SAINT PAUL, Minn., Dec. 29 (UPI) -- One of this season's dominant flu strains has already proved to be especially troublesome. This week, officials confirmed that a total of three children in Minnesota have now died as a result of the flu strain H3.
In the wake the deaths, physicians and public health officials are warning the public to remain vigilant -- and warning healthcare providers than things could continue to get worse.
"We have about seven children right now in our intensive care unit receiving treatment for complications related to this flu virus, and we might even set a record for the number of cases treated in December," Patsy Stinchfield, Director of Infection Prevention and Control, told local ABC affiliate KSTP.
This particular strain of the flu virus can travel through the bloodstream and infect the brain, causing meningitis-like symptoms that can in some cases prove deadly. When infecting the lungs, the virus can also trigger an overreaction by the immune system of the infected -- flooding the chest with white blood cells and causing potentially deadly complications.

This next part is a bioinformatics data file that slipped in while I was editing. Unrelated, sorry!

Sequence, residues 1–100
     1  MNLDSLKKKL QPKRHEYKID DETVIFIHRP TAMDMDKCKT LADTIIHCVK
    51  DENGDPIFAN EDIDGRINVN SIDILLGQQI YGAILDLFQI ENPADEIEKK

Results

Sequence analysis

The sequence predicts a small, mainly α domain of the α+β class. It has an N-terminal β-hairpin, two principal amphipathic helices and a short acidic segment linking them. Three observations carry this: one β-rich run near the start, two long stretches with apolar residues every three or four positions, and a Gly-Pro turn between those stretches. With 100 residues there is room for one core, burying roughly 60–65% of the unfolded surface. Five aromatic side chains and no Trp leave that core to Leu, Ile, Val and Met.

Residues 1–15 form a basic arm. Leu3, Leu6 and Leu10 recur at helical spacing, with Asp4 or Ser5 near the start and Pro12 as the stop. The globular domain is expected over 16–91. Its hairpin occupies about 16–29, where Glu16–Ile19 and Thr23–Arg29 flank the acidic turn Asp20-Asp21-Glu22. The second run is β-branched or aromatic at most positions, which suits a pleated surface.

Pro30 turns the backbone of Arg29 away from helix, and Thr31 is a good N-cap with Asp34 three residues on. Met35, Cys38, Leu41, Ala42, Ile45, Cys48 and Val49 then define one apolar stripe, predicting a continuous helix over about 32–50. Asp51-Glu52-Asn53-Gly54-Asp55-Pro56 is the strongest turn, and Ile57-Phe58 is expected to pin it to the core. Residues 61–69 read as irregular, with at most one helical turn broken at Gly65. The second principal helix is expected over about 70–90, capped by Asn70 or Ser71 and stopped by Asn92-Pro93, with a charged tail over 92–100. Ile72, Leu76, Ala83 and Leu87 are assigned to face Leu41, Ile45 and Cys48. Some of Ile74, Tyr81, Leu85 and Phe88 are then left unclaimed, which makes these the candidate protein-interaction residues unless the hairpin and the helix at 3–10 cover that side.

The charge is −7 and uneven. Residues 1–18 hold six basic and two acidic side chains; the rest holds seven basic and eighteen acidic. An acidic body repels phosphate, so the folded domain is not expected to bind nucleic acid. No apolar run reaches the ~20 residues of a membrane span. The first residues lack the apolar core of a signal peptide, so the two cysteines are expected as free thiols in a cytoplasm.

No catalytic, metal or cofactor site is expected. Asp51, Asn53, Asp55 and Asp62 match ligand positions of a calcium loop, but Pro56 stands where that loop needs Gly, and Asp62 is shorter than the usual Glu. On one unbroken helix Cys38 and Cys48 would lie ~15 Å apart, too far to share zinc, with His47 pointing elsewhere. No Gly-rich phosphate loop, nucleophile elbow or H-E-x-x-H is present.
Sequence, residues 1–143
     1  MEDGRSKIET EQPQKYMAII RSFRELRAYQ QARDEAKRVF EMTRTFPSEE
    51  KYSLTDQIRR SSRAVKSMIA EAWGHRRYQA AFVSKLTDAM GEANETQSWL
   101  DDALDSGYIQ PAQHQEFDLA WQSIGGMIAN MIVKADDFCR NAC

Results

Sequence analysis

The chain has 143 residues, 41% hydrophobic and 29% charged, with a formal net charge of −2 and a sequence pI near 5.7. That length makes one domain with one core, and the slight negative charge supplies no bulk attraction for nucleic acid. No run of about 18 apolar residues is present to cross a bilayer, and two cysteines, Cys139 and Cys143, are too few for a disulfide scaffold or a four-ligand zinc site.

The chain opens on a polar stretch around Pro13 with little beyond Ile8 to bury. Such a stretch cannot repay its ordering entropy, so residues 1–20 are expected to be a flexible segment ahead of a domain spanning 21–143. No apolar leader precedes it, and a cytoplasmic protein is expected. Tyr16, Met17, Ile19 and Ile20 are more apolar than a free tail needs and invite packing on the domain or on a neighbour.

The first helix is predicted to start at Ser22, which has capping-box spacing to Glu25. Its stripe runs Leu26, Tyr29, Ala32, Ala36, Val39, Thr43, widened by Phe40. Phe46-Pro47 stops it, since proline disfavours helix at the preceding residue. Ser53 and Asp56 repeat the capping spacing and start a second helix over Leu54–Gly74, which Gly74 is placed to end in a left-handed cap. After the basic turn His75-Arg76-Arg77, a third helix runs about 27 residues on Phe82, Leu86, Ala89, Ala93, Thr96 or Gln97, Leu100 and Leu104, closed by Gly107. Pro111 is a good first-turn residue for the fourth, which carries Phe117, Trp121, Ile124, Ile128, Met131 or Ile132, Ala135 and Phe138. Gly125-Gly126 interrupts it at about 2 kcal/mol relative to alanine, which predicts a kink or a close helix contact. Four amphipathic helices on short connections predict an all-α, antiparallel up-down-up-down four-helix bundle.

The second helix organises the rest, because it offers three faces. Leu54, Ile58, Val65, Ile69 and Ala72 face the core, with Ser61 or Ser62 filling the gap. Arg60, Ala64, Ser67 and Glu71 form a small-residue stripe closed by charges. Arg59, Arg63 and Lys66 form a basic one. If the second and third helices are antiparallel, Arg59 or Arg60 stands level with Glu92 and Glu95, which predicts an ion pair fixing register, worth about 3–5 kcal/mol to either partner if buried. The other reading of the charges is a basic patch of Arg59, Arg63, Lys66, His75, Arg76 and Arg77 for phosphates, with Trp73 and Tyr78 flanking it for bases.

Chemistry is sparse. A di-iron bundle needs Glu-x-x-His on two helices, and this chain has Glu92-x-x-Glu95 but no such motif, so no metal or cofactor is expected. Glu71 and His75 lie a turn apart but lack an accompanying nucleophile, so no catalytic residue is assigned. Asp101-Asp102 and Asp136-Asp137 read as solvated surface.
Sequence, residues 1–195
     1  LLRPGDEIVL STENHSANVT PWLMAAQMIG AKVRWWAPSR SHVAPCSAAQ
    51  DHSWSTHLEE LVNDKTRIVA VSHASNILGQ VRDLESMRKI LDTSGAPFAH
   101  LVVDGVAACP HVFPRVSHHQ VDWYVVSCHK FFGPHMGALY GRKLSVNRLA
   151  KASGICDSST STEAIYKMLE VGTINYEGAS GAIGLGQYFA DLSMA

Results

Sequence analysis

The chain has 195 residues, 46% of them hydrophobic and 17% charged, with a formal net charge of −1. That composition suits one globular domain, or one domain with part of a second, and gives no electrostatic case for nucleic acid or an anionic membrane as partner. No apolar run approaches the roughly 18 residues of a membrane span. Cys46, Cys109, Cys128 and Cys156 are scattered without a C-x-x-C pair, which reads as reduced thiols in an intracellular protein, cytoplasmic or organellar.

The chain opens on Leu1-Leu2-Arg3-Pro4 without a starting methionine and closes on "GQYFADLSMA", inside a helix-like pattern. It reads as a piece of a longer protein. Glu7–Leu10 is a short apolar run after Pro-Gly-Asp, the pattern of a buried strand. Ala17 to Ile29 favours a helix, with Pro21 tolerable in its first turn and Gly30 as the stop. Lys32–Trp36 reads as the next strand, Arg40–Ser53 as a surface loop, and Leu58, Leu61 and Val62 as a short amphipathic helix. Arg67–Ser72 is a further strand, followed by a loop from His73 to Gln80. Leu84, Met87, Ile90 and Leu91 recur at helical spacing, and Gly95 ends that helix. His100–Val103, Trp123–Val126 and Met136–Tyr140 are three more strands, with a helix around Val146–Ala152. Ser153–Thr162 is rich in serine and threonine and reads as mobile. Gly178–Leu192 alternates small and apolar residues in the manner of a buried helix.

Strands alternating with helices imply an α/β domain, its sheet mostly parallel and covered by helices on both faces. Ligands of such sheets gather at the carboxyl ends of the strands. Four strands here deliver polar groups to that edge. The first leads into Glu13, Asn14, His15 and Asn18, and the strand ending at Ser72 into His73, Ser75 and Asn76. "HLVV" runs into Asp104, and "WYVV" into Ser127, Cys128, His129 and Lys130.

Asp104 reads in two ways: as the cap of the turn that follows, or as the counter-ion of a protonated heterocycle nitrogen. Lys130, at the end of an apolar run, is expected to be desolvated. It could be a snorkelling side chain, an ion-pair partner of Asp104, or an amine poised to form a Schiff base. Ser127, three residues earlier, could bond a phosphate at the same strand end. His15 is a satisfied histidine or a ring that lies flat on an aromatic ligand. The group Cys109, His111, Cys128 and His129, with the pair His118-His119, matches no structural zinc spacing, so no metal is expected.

This year's strain isn't entirely new, H3 strains emerge every few years; they have proven particularly dangerous for children and the elderly in the past.
"The dominant strain appears to be H3, which in previous seasons meant there were more hospitalizations, more deaths and more disease in general," Karen Martin, a state health epidemiologist, told the Star Tribune.
Health officials are still encouraging everyone who is old enough and healthy to get a flu shot. Even though this year's flu shot isn't a match to the dominant strain, those who get vaccinated will still be better protected than those who not not. They will also be less likely to pass along the flu, regardless of the strain.